The Academy v Lyceum Marathon 330 BC

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The Academy v Lyceum Marathon 330 BC

In Athens of old,

As I’ve heard it told,

There were two schools of philosophy;

They were rivals in thought

And they could have fought,

But did something else, as you’ll see.

Xenocrates, head

Of t’Academy, said,

‘Our ex-pupil’s set up a Lyceum.

His name’s Aristotle,

He doesn’t lack bottle

If he thinks he can outsmart our team.

‘If Plato were here

We’d have nothing to fear;

He’d wrestle that man to the ground.

But now that he’s dead

It’s our job instead,

And our way to honour is found.

‘So who’s for a run?

Come, there must be someone,

Who can hurdle or wrestle or race?’

A silence ensued

As blushes imbued

Each chubby Academy face.

‘But sir, we’re not real!’

Was t’pupils’ appeal,

‘Our Form is not universal.

A real athlete

Escapes a defeat

By regular active rehearsal.’

‘It’s true,’ said the boss,

‘We’ll be at a loss

With our sedent’ry habits of talk

While at the Lyceum—

You really should see ‘em—

They all think and talk as they walk.’

Xenocrates then

Began chewing his pen

And the pupils each furrowed his brow.

Until one of them said

‘We could try this instead;

I’ll explain what I thought of just now:

‘I heard of a fable—

Recall, if you’re able—

That came down from Aesop the slave.

It concerned a reptile,

Achilles, with a smile,

Said he’d race if the tortoise were brave.

‘You’d think Achilles won,

But he stopped to have fun,

And the tortoise toiled steadily on.

The moral’s about

How persistence wins out

And that tortoise proved it no con.

‘Let’s run a replay

Of that fateful day

When t’Greeks beat t’Persians at Marathon;

Like the soldier who ran

With the news, so we can

Have a race from there up to t’Parthenon.’

So t’challenge was sent

To t’Lyceum and went

To its chief, the great Aristotle.

He was known to be wise,

And they told us no lies

When they’d said he had plenty of bottle.

‘See here lads’, he said.

As he nodded his head,

‘T’Academy mob’s asked us to race.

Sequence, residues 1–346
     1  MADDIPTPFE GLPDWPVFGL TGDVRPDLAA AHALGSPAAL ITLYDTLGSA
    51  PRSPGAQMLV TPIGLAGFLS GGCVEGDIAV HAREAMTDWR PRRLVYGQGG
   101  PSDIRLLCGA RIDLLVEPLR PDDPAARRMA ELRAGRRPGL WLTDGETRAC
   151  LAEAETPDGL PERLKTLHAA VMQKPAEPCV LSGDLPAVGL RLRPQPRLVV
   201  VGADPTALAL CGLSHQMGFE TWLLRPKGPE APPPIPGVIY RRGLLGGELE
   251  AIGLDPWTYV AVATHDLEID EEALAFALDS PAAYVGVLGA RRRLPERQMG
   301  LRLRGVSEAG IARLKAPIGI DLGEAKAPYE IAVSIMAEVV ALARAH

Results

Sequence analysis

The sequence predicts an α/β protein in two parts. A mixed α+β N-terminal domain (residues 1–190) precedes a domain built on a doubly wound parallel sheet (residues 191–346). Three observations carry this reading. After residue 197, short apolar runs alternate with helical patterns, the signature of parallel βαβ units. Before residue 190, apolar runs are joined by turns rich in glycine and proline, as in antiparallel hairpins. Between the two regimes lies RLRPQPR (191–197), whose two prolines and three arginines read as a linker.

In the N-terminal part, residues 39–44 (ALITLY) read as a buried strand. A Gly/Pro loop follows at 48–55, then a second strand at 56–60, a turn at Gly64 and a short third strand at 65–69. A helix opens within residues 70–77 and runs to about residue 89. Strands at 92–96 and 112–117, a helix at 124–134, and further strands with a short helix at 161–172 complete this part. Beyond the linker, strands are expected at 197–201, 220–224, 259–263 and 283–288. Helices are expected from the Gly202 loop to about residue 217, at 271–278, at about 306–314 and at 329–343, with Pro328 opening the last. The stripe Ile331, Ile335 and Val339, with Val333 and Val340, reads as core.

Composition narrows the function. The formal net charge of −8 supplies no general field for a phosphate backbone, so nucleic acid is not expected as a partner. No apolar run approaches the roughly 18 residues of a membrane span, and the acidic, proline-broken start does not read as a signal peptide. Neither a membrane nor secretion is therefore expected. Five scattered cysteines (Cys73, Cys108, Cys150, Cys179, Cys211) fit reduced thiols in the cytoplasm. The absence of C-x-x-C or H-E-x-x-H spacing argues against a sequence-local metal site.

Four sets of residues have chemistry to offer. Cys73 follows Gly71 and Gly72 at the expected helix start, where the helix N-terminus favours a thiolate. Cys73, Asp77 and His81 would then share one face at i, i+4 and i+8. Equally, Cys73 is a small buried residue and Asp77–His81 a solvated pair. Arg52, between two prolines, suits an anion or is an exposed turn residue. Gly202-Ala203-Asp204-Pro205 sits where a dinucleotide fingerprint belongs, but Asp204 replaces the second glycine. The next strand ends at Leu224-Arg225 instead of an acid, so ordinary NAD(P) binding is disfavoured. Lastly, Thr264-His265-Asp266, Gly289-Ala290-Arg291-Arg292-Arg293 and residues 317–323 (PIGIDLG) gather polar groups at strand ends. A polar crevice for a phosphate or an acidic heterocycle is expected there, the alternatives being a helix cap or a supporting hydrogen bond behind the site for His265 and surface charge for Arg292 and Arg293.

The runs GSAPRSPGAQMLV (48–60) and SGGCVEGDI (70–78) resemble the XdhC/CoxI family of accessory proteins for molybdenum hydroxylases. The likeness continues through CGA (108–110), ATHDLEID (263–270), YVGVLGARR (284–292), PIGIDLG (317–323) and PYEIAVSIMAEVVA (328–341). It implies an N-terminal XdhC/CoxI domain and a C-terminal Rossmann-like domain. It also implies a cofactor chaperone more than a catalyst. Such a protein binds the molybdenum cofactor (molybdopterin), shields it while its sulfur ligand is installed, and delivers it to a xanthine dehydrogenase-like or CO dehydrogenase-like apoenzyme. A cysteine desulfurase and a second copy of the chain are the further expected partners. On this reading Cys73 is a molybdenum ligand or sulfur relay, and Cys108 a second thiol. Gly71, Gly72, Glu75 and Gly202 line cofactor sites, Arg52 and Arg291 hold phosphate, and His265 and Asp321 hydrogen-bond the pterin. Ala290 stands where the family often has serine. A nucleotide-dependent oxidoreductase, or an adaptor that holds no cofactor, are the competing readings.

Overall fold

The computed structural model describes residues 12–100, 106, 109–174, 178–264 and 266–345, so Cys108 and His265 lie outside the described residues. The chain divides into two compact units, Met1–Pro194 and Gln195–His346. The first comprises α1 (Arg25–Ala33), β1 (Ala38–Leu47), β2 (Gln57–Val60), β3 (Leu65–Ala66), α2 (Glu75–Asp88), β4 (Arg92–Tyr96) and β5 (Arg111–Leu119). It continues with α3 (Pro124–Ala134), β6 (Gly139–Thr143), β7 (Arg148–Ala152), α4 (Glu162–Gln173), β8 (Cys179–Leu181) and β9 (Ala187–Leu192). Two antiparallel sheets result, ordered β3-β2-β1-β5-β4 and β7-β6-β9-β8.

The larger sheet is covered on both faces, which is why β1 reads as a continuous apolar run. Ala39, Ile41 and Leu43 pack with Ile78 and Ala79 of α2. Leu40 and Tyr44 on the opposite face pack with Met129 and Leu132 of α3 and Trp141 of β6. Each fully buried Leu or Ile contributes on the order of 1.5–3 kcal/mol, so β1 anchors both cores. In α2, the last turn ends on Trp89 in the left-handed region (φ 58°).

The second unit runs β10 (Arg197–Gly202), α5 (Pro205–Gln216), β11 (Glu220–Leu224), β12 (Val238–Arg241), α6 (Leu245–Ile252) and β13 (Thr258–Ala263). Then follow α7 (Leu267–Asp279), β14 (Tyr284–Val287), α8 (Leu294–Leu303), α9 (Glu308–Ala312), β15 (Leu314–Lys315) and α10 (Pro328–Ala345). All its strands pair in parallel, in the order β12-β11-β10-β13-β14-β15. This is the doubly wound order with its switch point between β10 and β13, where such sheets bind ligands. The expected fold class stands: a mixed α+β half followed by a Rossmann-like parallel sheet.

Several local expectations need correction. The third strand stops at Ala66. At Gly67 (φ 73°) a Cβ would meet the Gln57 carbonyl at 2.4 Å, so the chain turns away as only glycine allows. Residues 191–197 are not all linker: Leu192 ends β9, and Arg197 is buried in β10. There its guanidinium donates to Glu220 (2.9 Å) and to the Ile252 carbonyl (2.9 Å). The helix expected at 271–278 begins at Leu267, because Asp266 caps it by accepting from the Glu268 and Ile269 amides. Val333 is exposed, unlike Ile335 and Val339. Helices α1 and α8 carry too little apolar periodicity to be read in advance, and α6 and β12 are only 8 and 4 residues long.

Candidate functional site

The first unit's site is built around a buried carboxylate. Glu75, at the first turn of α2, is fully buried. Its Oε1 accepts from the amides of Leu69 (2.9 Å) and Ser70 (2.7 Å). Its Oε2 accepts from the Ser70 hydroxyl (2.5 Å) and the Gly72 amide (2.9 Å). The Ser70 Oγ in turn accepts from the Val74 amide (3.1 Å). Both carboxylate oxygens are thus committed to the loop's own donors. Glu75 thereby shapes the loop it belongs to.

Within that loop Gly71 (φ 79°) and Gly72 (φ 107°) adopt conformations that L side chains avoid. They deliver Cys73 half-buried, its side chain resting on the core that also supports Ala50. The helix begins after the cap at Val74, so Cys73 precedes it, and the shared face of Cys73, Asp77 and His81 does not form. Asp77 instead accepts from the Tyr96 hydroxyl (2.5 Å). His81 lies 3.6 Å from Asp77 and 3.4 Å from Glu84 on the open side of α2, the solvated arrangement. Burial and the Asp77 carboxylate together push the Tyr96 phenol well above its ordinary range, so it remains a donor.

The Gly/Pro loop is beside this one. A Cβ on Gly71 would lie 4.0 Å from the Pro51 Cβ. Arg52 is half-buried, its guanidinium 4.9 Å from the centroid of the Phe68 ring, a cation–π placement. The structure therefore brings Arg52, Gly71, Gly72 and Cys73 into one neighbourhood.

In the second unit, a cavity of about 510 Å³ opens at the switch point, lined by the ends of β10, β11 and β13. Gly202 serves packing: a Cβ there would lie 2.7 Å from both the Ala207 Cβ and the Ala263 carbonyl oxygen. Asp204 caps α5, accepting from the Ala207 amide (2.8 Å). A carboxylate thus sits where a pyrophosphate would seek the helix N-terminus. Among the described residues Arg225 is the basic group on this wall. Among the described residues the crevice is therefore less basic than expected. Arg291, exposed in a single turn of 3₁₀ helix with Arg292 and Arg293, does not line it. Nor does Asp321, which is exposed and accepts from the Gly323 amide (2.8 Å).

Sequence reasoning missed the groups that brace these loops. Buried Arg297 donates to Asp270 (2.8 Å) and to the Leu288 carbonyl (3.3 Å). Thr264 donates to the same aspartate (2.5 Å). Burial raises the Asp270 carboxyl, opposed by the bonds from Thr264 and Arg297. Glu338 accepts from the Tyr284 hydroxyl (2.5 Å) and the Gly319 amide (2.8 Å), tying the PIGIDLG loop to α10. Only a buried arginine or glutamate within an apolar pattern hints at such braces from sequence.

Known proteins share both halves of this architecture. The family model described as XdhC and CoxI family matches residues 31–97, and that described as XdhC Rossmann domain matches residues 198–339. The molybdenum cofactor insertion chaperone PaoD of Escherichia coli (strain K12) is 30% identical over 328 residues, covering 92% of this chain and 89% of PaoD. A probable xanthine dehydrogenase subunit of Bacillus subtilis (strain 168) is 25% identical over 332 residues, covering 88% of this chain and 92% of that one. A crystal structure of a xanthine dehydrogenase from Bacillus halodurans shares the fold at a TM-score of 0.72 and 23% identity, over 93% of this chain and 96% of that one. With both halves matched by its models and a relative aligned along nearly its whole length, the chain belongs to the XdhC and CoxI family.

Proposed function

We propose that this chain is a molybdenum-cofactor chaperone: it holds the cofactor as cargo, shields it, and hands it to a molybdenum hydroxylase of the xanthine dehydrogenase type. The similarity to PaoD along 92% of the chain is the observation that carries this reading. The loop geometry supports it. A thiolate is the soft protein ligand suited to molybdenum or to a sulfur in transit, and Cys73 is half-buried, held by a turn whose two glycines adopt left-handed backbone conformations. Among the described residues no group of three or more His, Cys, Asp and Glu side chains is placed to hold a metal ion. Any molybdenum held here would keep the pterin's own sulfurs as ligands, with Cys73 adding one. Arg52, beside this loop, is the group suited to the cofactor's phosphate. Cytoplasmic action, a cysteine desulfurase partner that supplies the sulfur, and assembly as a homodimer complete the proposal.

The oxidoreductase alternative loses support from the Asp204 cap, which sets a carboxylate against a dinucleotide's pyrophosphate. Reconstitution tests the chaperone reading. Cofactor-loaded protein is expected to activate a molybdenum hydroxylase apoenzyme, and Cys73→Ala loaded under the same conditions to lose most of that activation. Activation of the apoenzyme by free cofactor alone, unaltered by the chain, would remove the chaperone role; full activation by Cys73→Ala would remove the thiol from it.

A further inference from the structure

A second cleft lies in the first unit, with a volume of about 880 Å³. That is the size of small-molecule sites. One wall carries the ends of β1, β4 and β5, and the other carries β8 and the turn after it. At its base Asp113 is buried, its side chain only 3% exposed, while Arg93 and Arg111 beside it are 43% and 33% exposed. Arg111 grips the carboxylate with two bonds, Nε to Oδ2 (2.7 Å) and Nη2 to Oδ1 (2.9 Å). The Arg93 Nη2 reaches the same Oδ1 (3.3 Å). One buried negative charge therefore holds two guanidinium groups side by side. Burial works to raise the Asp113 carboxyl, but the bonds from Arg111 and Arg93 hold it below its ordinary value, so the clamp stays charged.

So let’s give ‘em one,

And we’ll have the most fun,

They’re unfit and we have more pace.’

A date was agreed

And they travelled with speed

To the Marathon spot they had set.

‘We’ll give you a start,

As we do have some heart.’

Said t’Lyceum team when they met.

‘Oh, we think we’ll win,’

Said Xenoc with a grin.

‘Your favours are surely misplaced.

But we’ll take the let

And make you a bet

That you’ll find yourselves badly outpaced.’

T’ Academicians began,

And they puffed as they ran,

And could hear t’Lyceum men coming after.

Those didn’t puff,

And if that weren’t enough,

They were sure they could also hear laughter.

But t’Lyceum team

Said ‘Our run’s a dream

For motion is just a chimera;

Despite all our pain

We won’t make a gain

And so we can never get nearer.

‘When they have begun,

The distance they run,

We need to run after, that’s clear.

By then they’ve run more

And they still go before

While we remain back in the rear.’

‘Ah, that’s from old Zeno

I know that it seems so

Unlikely, as we know we travel’.

Aristotle slowed down

As he said with a frown,

‘It’s a problem for us to unravel.’

They slowed to a walk

To continue their talk,

While t’Academy team stumbled on;

Those were now distant specks

And when they looked next,

By Achilles and Zeus, they were gone.

Aristotle said, ‘Team,

You know it would seem

That our rivals will reach Athens first;

But fear not nor fret

For while we lose t’bet

We gain that for which all of us thirst.

‘Our goal is the kind

That enriches the mind:

To live life as well as we’re able,

And there’s more to this race

Than a fast running pace

As Aesop revealed in his fable.

‘The tortoise has won,

But did he have fun

As he plodded the length of the track?

While we will have time

Those green hills to climb,

And enjoy t’view ‘ere we go back’.

So the moral, you ask?

Is, for ev’ry task,

Look for t’value in just taking part;

We don’t have to win

(Though to do so’s no sin),

Find fulfilment right from the start.

© Sarah Rochelle 2020